fected. The appeal Is based almost en
tirely on the dissenting opinion handed
down by Judge Baker.
May Extend Road to Const.
The old project ot extending the
Northwestern Pacific railroad from Its
present terminus to Eureka, Cel., was
the subject of a conference here to
day between Julius Kruttschnttt of the
Harrlman lines, and A. H. Payson, Pacific
coast representative of the Santa Fe.
Although President Ripley of the Santa
Fe was not present at the interview, he
was familiar with the details and stated
that nothing was accomplished of public
Mr. Kruttschnttt could not be seen, but
his secretary stated that there was no
Immediate prospect of the extension being
"It Is still In the air, where It has been
for years," said he.
Northwestern to Expand.
HURON, 8. D., Aug. SI. (Special.) Fol
lowing a conference here ot Chicago &
Northwestern railway officials it was an
nounced that the Gettysburg and Blunt ex
tension of this road would be completed
this season. Contracts have been let and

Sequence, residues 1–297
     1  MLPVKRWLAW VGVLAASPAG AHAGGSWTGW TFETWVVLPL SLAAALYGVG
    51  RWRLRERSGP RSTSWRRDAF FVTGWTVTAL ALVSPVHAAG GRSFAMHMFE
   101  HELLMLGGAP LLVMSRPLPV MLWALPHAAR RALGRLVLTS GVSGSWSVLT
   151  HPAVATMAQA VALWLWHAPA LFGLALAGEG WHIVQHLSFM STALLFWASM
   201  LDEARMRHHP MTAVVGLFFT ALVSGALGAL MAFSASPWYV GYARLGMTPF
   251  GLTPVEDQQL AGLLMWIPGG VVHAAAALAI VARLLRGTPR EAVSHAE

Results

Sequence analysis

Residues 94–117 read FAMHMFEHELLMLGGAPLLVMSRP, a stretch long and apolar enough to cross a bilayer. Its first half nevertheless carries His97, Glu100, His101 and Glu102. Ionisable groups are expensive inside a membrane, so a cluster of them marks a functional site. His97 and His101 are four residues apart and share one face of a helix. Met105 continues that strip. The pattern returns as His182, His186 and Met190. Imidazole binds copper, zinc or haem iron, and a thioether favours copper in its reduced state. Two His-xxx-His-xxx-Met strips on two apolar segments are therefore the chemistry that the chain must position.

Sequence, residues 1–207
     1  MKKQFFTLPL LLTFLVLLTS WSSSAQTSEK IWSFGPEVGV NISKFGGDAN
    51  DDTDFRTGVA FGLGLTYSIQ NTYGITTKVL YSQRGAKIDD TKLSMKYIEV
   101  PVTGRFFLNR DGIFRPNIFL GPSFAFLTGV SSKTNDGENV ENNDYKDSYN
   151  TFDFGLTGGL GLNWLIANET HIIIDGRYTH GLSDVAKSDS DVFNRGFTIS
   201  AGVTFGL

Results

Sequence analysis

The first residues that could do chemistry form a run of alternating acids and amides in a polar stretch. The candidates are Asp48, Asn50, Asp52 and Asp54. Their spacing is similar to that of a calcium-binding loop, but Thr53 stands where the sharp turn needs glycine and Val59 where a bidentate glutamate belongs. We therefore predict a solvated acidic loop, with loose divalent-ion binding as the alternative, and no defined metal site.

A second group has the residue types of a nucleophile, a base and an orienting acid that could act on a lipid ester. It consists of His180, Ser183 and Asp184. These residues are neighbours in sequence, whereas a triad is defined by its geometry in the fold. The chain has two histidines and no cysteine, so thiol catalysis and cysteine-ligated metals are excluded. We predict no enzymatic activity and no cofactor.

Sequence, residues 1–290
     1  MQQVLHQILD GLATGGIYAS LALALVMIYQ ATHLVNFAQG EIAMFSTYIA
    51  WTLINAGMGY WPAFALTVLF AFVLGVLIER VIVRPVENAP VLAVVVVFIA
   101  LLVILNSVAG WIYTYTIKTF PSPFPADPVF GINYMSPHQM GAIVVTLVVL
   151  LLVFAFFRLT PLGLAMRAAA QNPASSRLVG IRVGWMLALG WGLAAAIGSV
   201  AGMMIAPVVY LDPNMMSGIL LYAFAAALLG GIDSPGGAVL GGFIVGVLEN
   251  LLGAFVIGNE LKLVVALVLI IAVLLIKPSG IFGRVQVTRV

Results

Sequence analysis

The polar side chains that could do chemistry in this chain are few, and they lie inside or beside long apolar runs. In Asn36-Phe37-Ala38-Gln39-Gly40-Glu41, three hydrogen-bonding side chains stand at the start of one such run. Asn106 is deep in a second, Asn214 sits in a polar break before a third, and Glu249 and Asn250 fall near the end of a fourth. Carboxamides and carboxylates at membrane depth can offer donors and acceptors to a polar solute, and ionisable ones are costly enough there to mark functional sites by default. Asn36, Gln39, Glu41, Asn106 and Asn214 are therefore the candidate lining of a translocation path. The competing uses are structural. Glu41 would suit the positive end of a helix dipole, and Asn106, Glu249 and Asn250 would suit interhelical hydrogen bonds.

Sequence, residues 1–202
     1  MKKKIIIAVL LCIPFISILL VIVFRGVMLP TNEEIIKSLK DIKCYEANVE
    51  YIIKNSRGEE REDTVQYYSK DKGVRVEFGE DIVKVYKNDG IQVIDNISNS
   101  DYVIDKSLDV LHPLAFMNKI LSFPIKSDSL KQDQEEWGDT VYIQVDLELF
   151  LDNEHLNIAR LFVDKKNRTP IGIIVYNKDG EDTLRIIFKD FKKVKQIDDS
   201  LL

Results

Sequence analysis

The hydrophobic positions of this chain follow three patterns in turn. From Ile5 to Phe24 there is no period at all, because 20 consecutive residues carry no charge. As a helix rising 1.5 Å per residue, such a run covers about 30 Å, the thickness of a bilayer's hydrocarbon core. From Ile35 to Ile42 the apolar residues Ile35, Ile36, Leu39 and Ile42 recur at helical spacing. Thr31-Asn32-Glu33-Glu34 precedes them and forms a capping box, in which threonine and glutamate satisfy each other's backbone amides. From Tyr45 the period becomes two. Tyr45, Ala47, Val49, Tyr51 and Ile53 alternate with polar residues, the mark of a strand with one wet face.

the work Is being pushed as rapidly as
(Continued on Second Page.)
milk or subject their cows to the tuberculin
tent and destroy those cows found to be
Infected with tuberculosis. These two are
Frank Gltter, proprietor of the Nebraska
dairy In Florence, and L. Newman, pro
prietor of another dairy In the same sub
urb. They were given three days In which
to comply with the commissioner's order
and falling to do this the commissioner
Tuesday morning detailed Ed J. Daemon
and Joseph Scully to follow the dairy wag
ons and if any attempt was made to sell
milk to seise and destroy it. The order
was complied with by the officers and six
teen gallons of milk belonging to Gltter
and one gallon belonging to Newman were
dumped to the street. Gltter claims his
milk to have been of the commercial value
of St and he Is the one who swore out the
warrants for the arrest of the officers.
Dr. Connell says that Gltter is disposing
oi mux rroin twenty cows condemned and
tagged as being Infected with tuberculosis
and that Newman Is disposing of milk from
f ittml 0J vitas,
From the Cleveland Plain Dealer.
DOUBTS IT IS MENINGITIS
Dr. Langfeld Thinks Epidemio at
Tork is Some Other Disease.
HESITATES TO GIVE OUT SERUM
Has Distribution of the Remedy
Sent ' Oat f rem Rockefeller